jackrabbit-users mailing list archives

Site index · List index
Message view « Date » · « Thread »
Top « Date » · « Thread »
From ChadDavis <chadmichaelda...@gmail.com>
Subject Re: reference properties across workspaces
Date Tue, 10 Aug 2010 22:40:23 GMT
Upon re-reading the infamous Content Modeling threads, I have decided
to follow the prinicple of not using the REFERENCES unless necessary.
My application level name, which are the node names, will work just
fine as pointers.  In fact, that's what I had originally done.  I was
going to use references because I anticipated that it would make some
of my other work easier, the methods that allow you to get all
referencing nodes, for instance, would be very convenient.   But I
guess I'll do that work by hand.

On Tue, Aug 10, 2010 at 3:01 PM, ChadDavis <chadmichaeldavis@gmail.com> wrote:
> On Mon, Aug 9, 2010 at 5:58 PM, Justin Edelson <justinedelson@gmail.com> wrote:
>> Hard to judge without knowing more about what this configuration data is, but if
it doesn't semantically belong in the publish workspace (e.g. If it configured how a folder's
contents are edited), I would probably store it in a secondary hierarchy. For example, the
configuration data for /content/news could go in a node at /configuration/content/news. This
could also help with access control (maybe you want to restrict editing of these configuration
properties to a different group than normal properties of your folders).
>>
>
> The references I'm talking about are pointers to some "content type"
> nodes, which define the various types of content that can be in the
> system.  The references on a given folder point to the content types
> that can be created in that folder.  This seems to match the use case
> you cite.
>
> However, the notion of having a separate tree for configuration, which
> reproduced all of the namespace of the folders themselves seems a bit
> counter intuitive.  Could be that I'm just not used to the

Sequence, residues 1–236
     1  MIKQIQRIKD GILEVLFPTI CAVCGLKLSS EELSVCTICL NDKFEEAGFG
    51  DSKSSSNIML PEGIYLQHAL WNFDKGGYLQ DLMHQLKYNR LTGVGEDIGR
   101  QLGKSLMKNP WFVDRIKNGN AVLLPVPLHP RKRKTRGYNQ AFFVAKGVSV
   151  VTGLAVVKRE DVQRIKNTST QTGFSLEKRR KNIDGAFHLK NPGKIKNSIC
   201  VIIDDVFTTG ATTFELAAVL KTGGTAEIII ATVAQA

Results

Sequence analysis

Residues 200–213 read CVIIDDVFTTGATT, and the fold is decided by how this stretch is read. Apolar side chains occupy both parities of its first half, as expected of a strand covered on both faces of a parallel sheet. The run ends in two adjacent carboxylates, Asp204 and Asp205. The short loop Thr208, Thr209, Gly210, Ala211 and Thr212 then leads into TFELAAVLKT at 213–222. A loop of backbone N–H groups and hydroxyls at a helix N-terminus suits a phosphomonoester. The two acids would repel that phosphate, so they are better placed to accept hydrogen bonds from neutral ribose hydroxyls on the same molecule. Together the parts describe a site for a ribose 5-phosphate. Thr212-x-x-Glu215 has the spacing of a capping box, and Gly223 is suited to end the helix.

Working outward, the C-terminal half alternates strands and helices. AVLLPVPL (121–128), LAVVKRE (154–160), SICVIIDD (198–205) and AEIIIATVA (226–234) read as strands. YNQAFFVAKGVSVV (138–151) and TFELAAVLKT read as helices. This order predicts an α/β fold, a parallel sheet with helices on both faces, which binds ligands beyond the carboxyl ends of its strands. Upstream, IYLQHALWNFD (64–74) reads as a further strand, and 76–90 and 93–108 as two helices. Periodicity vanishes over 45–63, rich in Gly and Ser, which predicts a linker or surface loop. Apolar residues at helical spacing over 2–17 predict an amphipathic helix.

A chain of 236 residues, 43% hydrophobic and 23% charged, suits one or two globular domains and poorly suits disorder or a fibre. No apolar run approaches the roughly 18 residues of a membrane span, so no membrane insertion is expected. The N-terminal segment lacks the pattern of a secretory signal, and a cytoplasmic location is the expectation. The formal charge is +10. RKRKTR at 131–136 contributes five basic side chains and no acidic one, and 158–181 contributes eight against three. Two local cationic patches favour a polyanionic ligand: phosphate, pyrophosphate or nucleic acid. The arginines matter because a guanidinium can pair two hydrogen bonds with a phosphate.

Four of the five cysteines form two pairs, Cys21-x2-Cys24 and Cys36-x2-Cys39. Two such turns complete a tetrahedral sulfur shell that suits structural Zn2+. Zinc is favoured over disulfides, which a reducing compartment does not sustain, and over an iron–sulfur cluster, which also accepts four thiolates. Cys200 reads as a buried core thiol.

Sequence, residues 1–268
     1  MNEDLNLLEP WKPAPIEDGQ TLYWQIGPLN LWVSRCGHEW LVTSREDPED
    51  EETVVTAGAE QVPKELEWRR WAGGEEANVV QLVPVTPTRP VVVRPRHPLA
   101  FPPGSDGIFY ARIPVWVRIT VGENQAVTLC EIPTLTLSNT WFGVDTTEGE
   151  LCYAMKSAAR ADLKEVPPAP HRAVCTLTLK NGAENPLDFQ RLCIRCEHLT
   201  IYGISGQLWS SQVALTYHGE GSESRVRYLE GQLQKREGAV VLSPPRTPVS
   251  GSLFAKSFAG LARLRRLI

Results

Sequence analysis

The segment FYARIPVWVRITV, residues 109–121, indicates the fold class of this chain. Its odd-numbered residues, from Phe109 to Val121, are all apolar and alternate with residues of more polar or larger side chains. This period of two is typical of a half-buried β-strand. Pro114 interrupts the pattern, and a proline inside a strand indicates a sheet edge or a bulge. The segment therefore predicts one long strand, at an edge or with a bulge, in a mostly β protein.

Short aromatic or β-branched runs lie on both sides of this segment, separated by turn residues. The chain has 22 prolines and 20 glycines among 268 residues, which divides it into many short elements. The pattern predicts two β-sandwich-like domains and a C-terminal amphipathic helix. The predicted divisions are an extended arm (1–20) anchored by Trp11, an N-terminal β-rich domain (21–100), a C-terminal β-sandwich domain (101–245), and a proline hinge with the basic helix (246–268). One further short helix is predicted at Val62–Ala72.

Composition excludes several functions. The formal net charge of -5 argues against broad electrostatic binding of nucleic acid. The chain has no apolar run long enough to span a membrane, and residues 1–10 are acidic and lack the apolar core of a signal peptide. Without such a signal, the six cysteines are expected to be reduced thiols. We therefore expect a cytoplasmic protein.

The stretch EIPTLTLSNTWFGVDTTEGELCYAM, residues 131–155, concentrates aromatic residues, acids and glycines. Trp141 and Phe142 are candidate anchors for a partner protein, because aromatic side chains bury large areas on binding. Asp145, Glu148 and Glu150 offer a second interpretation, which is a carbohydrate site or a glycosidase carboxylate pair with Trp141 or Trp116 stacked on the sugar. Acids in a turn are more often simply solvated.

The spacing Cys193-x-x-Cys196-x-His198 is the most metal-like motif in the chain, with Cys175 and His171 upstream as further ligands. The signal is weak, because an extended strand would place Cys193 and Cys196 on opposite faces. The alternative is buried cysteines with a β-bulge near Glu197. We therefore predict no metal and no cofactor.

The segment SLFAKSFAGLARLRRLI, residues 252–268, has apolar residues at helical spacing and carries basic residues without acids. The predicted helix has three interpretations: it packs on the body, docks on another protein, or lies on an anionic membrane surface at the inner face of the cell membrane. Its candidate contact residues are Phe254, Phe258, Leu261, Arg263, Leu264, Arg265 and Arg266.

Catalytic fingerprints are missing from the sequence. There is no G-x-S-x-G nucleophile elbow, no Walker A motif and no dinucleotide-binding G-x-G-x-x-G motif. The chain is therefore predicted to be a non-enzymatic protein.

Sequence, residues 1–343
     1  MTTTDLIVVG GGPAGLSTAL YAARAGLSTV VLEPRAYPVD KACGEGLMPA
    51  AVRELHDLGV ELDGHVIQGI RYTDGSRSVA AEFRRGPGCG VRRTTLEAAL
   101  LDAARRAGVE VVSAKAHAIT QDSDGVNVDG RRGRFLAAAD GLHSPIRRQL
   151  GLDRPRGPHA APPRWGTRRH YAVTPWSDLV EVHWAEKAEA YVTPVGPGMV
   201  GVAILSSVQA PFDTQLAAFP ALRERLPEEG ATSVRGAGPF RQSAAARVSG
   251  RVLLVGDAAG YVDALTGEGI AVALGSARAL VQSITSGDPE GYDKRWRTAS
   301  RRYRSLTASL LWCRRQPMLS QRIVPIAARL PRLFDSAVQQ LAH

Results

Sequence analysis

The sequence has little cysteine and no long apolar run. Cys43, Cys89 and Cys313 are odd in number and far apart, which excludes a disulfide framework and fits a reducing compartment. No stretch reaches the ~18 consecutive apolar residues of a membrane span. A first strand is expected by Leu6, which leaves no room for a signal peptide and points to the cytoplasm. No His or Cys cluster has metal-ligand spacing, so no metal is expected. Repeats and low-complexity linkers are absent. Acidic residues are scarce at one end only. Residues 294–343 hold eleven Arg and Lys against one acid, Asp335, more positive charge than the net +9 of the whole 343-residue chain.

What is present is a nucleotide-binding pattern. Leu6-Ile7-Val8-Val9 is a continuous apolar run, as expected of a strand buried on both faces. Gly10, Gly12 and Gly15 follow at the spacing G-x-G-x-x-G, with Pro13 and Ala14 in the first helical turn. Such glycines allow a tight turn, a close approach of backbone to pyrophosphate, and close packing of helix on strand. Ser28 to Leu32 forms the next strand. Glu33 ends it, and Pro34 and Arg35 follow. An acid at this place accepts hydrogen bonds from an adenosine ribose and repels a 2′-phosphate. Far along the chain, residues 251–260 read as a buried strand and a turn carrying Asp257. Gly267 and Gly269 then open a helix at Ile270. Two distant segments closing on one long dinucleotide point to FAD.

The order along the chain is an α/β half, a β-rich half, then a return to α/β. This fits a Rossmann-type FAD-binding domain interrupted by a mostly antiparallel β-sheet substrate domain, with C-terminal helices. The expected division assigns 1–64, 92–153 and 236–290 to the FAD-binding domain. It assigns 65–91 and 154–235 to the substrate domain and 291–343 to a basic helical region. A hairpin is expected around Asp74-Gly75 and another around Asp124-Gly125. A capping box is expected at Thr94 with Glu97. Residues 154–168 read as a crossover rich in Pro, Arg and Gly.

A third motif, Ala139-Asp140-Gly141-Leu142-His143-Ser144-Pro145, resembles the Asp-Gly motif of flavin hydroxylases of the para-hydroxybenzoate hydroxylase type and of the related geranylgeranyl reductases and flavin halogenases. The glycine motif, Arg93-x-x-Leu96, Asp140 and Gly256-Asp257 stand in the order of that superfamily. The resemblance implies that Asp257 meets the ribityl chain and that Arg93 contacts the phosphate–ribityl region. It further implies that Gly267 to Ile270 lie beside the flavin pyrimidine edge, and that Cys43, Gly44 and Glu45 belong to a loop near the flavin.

> hierarchical thing.  At the same time, the reference seems perfectly
> made for my task.  It is, afterall, referential integrity that I'm
> trying to maintain.  And using a reference buys me the referential
> integrity support.
>
> I'd appreciate any further comments . . . .
>
>
>
>> Justin
>>
>> On Aug 9, 2010, at 4:40 PM, ChadDavis <chadmichaeldavis@gmail.com> wrote:
>>
>>> I'm facing a design choice that I don't feel very qualified to make.
>>> Perhaps it's not so important, but I don't want to overlook any easily
>>> avoided consequences.
>>>
>>> I'm building a simple content management system.  I have documents in
>>> folders, etc.  I'm using a second workspace for a "publish" workspace;
>>> when users want certain content to go live, they publish them.  They
>>> are then cloned to the publish workspace.  Folders are handled
>>> similarly.
>>>
>>> Until recently, I hadn't thought of moving any other data to the
>>> publish workspace, other than the documents that are published, and
>>> the folders that hold them.  However, my folders have REFERENCE typed
>>> properties that point to configuration type data.  I'm hesitant to
>>> move this data to the publish since it doesn't seem related to the
>>> publish use case.
>>>
>>> But if I have a reference property with a value, when I clone the
>>> folder the reference will be invalid.
>>>
>>> So . . . any suggestions?  Is it common to have to clone over the
>>> entire depenency of referenced nodes?
>>
>

Mime
View raw message